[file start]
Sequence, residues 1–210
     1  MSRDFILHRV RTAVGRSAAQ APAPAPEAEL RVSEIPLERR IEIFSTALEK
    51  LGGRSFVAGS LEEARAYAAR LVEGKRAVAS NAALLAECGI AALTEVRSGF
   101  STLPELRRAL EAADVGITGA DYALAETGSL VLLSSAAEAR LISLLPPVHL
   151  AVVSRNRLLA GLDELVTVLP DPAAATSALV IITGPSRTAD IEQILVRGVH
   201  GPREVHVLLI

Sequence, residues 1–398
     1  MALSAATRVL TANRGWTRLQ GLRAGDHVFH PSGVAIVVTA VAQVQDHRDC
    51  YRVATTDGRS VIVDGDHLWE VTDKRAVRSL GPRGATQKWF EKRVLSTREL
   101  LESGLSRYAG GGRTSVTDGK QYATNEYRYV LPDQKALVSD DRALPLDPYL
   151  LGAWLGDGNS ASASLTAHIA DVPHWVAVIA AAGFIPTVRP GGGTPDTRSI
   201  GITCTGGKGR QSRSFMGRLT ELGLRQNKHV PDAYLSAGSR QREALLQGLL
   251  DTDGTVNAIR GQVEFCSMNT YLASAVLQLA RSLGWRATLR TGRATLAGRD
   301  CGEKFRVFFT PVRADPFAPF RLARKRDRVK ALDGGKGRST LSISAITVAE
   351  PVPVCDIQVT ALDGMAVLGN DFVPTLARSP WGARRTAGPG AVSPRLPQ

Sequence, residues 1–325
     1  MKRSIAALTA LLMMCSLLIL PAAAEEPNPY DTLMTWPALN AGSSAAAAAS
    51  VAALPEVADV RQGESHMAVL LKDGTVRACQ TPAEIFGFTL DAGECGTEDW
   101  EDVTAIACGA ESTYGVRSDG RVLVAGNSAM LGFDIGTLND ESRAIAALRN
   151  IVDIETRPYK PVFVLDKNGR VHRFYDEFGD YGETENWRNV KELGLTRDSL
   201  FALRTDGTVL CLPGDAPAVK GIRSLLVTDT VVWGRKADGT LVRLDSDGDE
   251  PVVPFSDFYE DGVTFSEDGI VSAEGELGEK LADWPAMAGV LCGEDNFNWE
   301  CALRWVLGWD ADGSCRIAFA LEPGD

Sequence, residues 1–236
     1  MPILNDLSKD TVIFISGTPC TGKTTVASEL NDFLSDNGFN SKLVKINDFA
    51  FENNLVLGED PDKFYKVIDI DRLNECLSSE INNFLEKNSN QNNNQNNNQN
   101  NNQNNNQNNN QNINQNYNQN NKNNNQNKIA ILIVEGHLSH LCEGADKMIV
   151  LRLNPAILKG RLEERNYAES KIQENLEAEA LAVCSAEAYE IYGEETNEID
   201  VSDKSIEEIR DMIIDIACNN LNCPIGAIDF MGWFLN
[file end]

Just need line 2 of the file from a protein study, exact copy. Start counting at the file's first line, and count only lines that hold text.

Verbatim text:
     1  MSRDFILHRV RTAVGRSAAQ APAPAPEAEL RVSEIPLERR IEIFSTALEK